Nevertheless, I have found that I have really enjoyed the Maths component of the foundation year, and having done some brief reading ahead of some engineering science textbooks (topics such as fluid mechanics, thermodynamics etc.) I think I really would enjoy a course with this sort of content in it. This prompted me to look at the other engineering courses on offer and I have found that Mechanical Engineering also covers the same maths and engineering science content that I think I would enjoy. My only gripe with Mechanical Engineering is the rather large amount of practical group design project work which increases over the years - while I would enjoy project work, I'm unsure at to whether I am a particularly hands-on type of person and thus don't know if the course would suit me. I'm aware that Chemical Engineering also has similar group project work but I am unsure as to whether it is as hands-on in nature compared to Mechanical projects?

    Secondly, I have been advised by a course tutor that there are less Chemical Engineering graduates than Mechanical Engineering graduates, making Chemical a more "exclusive" field to be qualified in.

    Overall, what I really want is the course that suits me the most and I really don't know how to choose between the two. I know I want a course with lots of mathematical content but I also would prefer one with less group project work, which having done it as part of my foundation year, is something of a chore. Ideally, I also want a broad degree that leaves a wide variety of career options open! Really sorry for the essay here, but I just don't know how to choose between the two and I really don't know what I want to do! Any opinions/which choice to make and why would be very appreciated!

    TL;DR - Trying to decide whether to do ChemEng or MechEng. Really like mathsy work, don't think I'd enjoy hands on group work, want a broad degree to leave as many options open as possible. Don't know which to choose, help!
    How did you find the foundation year? Is it beneficial, i'm thinking of doing it for aeronautical engineering
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    (Original post by Glib)
    How did you find the foundation year? Is it beneficial, i'm thinking of doing it for aeronautical engineering
    I had done A-level Maths before so the maths contingent on my course which was the largest part I found quite straightforward. We also did MATLAB which can be tedious, and some mechanics and physics which was reasonably difficult but not too bad as long as you took the time to understand the concepts.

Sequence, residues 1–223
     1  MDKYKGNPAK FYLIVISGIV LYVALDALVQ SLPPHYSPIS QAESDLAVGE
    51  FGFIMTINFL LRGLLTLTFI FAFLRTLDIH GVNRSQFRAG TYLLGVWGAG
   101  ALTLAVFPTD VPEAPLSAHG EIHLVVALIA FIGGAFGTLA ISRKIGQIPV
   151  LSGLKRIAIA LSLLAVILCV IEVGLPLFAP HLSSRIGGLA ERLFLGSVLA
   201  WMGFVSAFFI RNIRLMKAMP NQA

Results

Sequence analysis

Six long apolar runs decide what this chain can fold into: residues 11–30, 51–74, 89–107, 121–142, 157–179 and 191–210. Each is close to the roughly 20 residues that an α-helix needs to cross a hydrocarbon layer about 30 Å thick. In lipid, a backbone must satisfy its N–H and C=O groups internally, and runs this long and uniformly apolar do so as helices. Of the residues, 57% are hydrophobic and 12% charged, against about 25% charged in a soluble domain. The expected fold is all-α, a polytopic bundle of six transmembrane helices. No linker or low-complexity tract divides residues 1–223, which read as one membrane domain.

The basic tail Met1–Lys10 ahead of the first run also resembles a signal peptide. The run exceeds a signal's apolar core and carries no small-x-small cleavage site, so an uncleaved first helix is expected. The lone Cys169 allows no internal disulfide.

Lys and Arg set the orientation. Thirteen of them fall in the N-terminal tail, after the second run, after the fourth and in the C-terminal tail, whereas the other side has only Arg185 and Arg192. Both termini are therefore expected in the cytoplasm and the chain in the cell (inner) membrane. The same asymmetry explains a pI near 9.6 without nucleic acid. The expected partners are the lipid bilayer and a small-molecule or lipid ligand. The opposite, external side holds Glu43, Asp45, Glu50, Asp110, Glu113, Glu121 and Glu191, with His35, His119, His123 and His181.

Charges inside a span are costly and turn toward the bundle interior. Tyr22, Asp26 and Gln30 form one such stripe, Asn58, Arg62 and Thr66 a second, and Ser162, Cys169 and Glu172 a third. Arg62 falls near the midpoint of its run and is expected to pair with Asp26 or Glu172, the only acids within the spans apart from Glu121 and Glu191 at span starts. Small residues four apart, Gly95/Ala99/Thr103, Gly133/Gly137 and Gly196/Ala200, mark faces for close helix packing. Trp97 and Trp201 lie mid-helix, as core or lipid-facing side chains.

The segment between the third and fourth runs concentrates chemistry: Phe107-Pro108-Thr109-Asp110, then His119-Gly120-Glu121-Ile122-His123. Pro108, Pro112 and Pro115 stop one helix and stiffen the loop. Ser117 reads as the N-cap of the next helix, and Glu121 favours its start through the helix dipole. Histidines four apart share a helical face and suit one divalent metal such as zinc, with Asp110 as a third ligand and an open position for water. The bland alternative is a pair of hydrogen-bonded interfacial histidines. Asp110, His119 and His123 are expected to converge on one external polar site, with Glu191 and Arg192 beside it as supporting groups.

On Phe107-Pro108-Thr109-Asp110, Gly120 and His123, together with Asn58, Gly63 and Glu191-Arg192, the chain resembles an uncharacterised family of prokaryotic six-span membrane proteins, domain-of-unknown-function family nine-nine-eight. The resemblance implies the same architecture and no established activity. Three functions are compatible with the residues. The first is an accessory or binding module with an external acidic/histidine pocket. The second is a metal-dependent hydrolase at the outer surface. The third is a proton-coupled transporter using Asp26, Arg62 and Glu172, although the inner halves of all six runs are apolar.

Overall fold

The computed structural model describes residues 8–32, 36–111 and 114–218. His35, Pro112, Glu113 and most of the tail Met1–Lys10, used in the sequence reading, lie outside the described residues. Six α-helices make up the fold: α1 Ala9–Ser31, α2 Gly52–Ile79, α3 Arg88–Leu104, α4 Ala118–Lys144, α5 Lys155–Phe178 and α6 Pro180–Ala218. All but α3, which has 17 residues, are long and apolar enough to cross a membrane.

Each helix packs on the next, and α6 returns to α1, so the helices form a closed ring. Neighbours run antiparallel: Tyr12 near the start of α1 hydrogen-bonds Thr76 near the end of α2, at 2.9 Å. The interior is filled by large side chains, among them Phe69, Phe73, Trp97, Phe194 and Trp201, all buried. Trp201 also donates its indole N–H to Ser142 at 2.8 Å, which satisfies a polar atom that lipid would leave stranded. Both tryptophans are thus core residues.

As for being beneficial, yep I feel much more prepared for the first year of whichever course I go on to do, the foundation year is studied in the same way as a degree course - the structure and methods of assessment are the same. Go for it, good luck!
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    (Original post by 1c8e2)
    Hi OP,

    Congrats on passing your foundation year course. I'm going to give a totally biased opinion and say go for Mechanical. I'm currently in my 3rd year having started on a foundation year and it's the best decision I've made. All Mechanical courses that are accredited by IMechE will be very similar to ensure that all graduates are at the same level. Mechanical Engineering is very heavily maths based and you get to do fluid/thermodynamics every year (my favourite!). I have a friend which started on a Chemical Engineering course because they loved Chemistry, two years in they dropped out and started from scratch on a Chemistry degree. You're correct that Mechanical does have a lot of group based work which at times isn't the best but this is how you will work and plan projects when you get yourself a graduate job. Despite it being a bit of annoyance it's really beneficial in the long run as you'll be creating something from scratch and taking it through the design stage.